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Jim Rogers - The Energy Revolution in the US Is Overhyped, Bonds Worldwide Are in a Bubble

June 14, 2013 | About:
CanadianValue

Canadian Value

110 followers
The "investment biker" Jim Rogers was interviewed this week and provided his insight on a variety of asset classes.

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Fusion: I just finished reading your new book Street Smarts, and I wish I had the book when I first started in the industry in the 90’s. It provides a great trading lesson of doing your own research – and not going with the crowd. You point out in the early 70’s nobody liked energy and defense stocks. But you did your work and realized that both sectors were ripe for fundamental positive changes. When you told people you liked them, many were skeptical and said you were crazy. We know how that turned out.

Rogers: Shouldn’t follow the crowd – I’m sure you know that by now !

Fusion: China’s growth is slowing down, and many believe the reported numbers are overstating the actual growth. Wall Street has turned bearish on China and has cut GDP estimates. They are saying China cannot stimulate due to its property bubble. What are your current thoughts on China?

Rogers: I don’t trust numbers from any government, as most are made up, as you probably know. China has had astonishing growth, but they have problems with housing and inflation. We had the same problems in the 19th century when we were growing rapidly. Every country that rises rapidly has problems. China can see a recession, but the US saw recessions and 13 depressions in the 19th century, and was still the greatest nation in the 20th century. They are trying to slow down, which is the right thing to do. It’s natural they slow down from these growth rates. They are preparing the economy for long term sustainable growth. The only way the China story runs into big problems is if they run out of water. China has a major water problem. They are working hard to solve it. I believe they will solve it. If you want to make a lot of money find companies that are working to fix that problem. As for their stock market, it’s getting closer to a buy. I bought a few shares on Friday. Their market is getting to the point it should be bought.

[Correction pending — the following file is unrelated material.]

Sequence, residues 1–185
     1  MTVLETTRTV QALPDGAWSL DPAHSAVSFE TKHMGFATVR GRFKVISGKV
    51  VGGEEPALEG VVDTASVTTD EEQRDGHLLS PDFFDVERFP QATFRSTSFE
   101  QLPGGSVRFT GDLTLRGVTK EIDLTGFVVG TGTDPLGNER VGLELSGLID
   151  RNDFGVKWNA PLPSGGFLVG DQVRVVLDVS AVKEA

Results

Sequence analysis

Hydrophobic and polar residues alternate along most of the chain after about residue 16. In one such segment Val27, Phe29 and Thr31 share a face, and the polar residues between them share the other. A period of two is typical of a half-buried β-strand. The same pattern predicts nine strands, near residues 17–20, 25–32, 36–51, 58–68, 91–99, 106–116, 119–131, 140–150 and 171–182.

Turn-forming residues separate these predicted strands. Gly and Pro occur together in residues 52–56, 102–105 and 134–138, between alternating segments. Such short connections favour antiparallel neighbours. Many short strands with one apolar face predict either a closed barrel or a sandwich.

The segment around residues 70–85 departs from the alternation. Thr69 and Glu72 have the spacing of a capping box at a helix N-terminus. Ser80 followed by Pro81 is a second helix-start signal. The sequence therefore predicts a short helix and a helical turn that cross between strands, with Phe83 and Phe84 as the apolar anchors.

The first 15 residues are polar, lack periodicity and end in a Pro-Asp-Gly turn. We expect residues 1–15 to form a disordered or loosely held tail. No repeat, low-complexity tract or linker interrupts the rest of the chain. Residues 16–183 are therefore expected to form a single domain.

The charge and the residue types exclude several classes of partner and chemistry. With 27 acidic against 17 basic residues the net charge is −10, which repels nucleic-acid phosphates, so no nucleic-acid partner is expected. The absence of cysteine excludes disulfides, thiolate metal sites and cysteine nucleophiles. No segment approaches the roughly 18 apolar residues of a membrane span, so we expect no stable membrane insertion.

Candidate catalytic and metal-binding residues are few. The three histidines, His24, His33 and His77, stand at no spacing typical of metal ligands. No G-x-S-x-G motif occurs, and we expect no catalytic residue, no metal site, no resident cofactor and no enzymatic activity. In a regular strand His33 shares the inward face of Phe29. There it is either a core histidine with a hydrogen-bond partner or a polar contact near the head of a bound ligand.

Fusion: Is their housing bubble worse due to the currency being blocked ?

Rogers: Good insight. It’s trapped. One of the few things I disagree with on China is their having a blocked currency. It creates imbalances, like you see in housing, as people need to put their money somewhere. China has made strides in recent years to open up their currency and they will continue to do so.

Fusion: You have warned for some time that governments and central banks are refusing to make the tough decisions, having chosen instead to print their way out of problems. That leads to deteriorating national finances and sovereign debt issues that could lead to a rise in interest rates. The bulls counter that central banks can keep interest rates down through infinite bond buying, and expanding their balance sheets. What are the consequences to the ever-expanding balance sheets of central banks ?

Rogers: Yes. Mr. Bernanke believes you can expand the central bank balance sheet infinitely, and suffer no ill effects. Anything you do to diminish demand for the thing will cause the price to drop. Same thing here. Bond prices will drop, which causes interest rates to rise. We are in a global bond bubble. When it pops is anyone’s guess. I have tried to short bonds a few times. The French tried money printing in the 50’s, the Italians in the ‘60s. At some point, the market won’t take it, and bond prices will go down and rates will rise. We have more money than Bernanke and the central banks do. So at some point this will happen.

Fusion: Over the last six weeks, the action in the emerging markets fixed income market has been scary. Many believe this started when the Fed hinted at tapering QE. Up until now, the Fed’s ZIRP and infinite QE policies have investors chasing higher overseas yields. But that seems to be reversing, and liquidity is coming out of emerging markets the last 6 weeks. What is your take on this?

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Canadian Value
http://valueinvestorcanada.blogspot.com/

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